Greenbelt Trails – Another hidden gem managed by the Hayward Area Recreation and Park District (HARD), this 6.3 mile trail links The Plunge/Memorial Park in downtown Hayward with East Avenue Park in the hills behind the Cal State East Bay campus. You would never guess it was there amidst all the urban sprawl, but it’s truly an oasis. Follow Ward Creek on a mostly wide dirt trail. It’s shaded by trees the whole way and a great way to escape the summer heat.
Parking at 24176 Mission Blvd, Hayward, or 3221 East Ave, Hayward

Sunol
Little Yosemite – The Sunol Regional Wilderness is a vast, well, wilderness, covering acres of land. It’s a little remote compared to the other hikes listed here. The Canyon View Trail leads from the visitor center to Little Yosemite, a scenic canyon with small waterfalls. It’s a nice hike, but a tad grueling. For an easier route, just follow Camp Ohlone Road from the parking lot. The star here is the Alameda Creek, at times wide and shallow, while at other times babbling and gushing.
1895 Geary Rd, Sunol

Union City
Alameda Creek – Yes, it’s the Alameda Creek again, but this time in a more tame environment. Follow the channel behind rows of houses on a flat, paved road that’s perfect for a family escape. Go far enough and you’ll reach Coyote Hills to the west, or Quarry Lakes to the east.
Several access points. Parking available behind library at 34007 Alvarado-Niles Rd, Union City

Fremont
Central Park/Lake Elizabeth – Located in the heart of Fremont, this is the perfect place to
unwind. Whether you follow one of the paved paths by bike or simply want to stroll the grounds with your dog, now is a great time to enjoy this area when the crowds are away.
40000 Paseo Padre Pkwy, Fremont – parking at Sailway Drive

Newark
Coyote Hills Regional Park – A few rolling hills surrounded on all sides by marshland, this is a wonderful place to explore. The trails are easy and most are paved. Interesting rock formations and an Ohlone village site.
8000 Patterson Ranch Road, Fremont

Milpitas

Ed R. Levin County Park – This is a huge family friendly park with many trails, a few ponds, and scenic views throughout. Located in the hills behind Milpitas, many don’t realize it’s there. Hiking one of the shorter trails can be pleasant, or you may want to challenge yourself with a longer trail.
3100 Calaveras Rd, Milpitas

When visiting any of the East Bay Parks, remember these guidelines:
Wear cloth face coverings/masks as recommended by the CDC.
Maintain 6 feet social distance from other park users while walking, biking, and fishing.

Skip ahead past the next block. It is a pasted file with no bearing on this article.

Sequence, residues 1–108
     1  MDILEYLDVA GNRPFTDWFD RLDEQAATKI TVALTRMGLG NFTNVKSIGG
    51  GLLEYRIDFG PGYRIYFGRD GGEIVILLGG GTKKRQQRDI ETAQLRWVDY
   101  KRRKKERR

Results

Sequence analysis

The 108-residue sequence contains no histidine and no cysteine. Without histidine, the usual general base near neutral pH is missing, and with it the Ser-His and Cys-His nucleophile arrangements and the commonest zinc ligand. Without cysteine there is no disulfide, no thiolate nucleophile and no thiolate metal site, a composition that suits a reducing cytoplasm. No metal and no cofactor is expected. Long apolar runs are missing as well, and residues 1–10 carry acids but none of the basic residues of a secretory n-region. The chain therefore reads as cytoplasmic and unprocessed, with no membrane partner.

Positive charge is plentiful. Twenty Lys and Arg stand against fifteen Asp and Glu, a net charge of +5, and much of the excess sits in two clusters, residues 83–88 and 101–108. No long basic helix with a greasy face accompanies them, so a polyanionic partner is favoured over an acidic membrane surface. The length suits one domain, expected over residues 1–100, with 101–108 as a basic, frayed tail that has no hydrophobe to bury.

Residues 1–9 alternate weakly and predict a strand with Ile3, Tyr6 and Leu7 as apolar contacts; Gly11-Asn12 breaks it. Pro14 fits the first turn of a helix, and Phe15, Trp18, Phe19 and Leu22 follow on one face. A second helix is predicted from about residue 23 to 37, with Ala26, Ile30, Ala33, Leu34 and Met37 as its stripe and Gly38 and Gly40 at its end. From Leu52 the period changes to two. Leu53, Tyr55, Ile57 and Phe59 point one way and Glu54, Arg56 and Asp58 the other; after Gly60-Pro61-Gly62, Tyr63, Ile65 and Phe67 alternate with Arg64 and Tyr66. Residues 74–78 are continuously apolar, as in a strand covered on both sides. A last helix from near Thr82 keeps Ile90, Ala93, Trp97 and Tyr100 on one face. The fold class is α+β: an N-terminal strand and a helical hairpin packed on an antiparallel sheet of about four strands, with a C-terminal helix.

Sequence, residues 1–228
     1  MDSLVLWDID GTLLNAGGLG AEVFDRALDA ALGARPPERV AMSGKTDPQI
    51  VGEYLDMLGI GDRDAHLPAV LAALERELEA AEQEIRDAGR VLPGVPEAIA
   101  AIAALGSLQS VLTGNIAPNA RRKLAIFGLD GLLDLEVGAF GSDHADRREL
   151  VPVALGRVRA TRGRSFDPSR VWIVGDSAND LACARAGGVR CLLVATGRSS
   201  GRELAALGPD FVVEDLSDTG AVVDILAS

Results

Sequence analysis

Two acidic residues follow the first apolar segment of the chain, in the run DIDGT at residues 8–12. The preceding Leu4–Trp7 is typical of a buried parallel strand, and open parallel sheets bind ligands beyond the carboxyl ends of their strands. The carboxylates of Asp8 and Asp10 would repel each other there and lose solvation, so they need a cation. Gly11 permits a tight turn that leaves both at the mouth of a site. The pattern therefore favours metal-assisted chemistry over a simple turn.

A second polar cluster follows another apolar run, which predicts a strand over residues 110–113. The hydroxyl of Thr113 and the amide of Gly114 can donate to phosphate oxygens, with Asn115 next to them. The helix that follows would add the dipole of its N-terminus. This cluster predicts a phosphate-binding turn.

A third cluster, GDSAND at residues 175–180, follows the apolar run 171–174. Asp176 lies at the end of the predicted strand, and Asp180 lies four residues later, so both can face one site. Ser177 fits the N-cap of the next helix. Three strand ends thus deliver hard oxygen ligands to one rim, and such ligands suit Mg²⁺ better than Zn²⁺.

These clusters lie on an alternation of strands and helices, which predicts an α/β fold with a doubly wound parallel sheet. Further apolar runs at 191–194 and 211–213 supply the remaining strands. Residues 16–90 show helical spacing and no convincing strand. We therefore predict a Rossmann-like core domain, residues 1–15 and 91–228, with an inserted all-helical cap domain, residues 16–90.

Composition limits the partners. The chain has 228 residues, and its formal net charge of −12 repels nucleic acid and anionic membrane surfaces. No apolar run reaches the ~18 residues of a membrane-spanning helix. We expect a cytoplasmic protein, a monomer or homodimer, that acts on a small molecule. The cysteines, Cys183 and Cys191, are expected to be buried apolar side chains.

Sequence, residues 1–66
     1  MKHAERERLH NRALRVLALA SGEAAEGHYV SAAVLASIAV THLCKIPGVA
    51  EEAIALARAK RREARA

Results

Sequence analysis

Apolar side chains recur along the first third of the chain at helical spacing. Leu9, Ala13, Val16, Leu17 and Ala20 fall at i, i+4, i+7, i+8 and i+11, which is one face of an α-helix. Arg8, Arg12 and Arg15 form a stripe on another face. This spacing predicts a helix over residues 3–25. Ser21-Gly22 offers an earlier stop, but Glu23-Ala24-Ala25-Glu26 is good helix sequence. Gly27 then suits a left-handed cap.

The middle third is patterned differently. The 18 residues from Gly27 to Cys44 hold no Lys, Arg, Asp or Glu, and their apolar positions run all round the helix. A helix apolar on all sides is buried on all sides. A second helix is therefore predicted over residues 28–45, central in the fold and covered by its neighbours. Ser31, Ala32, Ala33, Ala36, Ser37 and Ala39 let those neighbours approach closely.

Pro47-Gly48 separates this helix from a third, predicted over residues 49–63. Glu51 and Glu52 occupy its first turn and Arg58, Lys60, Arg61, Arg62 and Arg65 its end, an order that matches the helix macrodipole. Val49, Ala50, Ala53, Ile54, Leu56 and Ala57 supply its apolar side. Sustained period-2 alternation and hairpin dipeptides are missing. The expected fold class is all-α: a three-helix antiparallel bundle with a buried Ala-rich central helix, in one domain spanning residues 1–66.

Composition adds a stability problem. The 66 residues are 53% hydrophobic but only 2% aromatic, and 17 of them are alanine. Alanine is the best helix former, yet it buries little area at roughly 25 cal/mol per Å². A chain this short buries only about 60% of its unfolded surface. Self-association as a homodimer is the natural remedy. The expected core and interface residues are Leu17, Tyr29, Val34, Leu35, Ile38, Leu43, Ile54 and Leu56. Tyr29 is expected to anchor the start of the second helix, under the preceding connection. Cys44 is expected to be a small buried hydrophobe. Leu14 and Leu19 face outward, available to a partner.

NO picnicking, gatherings, or meetup groups (only immediate households).
PACK OUT YOUR TRASH. Do not leave trash in parks and on trails.
Keep dogs ON LEASH at ALL times in ALL parks (where allowed)
Bring water and hand sanitizer. Water fountains in parks are temporarily closed to stem the spread of virus.
Park vehicles properly, safely, and respect park neighbors and park staff. Do not block driveway, roadway, emergency exit, or service access road. Parking restrictions will be enforced.

Also, remember to bring water and wear sunscreen and a hat!

So what are you waiting for? Get out and explore nature. You’ll feel better about yourself and the world. As Yogi Berra once said, “When you come to a fork in the road, take it!”

As of this writing, all restrooms near trail access are open. For more park info and COVID-19 updates, visit ebparks.org

Local libraries’ stand against global pandemic

By Marc Vicente
May 26, 2020

With shelter-in-place orders being extended, it remains uncertain when organizations will resume normal operations, and businesses and public facilities are finding ways to adapt.

Libraries have undergone perhaps the most drastic of changes during this pandemic season. They house a wide variety of books that circulate through more than one person through checkout. However, because the virus spreads through contact with people and other surfaces, checking out new physical books has been postponed ever since quarantine protocols were initiated to reduce the spread of the virus. In addition, many libraries in the Bay Area have extended the deadline of checked out media so that patrons can return them when the pandemic dies down. Multiple events involving the libraries have also been postponed to maintain the safety of library patrons.